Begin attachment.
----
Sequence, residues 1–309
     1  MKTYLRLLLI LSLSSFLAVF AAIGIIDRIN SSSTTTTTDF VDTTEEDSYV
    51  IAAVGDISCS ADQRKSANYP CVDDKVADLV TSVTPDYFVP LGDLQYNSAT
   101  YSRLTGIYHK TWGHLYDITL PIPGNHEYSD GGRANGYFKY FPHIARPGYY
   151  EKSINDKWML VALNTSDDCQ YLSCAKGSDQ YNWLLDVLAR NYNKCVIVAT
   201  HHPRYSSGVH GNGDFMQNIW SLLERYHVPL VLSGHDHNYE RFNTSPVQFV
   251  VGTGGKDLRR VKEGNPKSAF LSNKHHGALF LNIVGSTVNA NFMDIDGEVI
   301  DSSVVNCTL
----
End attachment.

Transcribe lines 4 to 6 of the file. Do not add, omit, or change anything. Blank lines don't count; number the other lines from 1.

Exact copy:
   101  YSRLTGIYHK TWGHLYDITL PIPGNHEYSD GGRANGYFKY FPHIARPGYY
   151  EKSINDKWML VALNTSDDCQ YLSCAKGSDQ YNWLLDVLAR NYNKCVIVAT
   201  HHPRYSSGVH GNGDFMQNIW SLLERYHVPL VLSGHDHNYE RFNTSPVQFV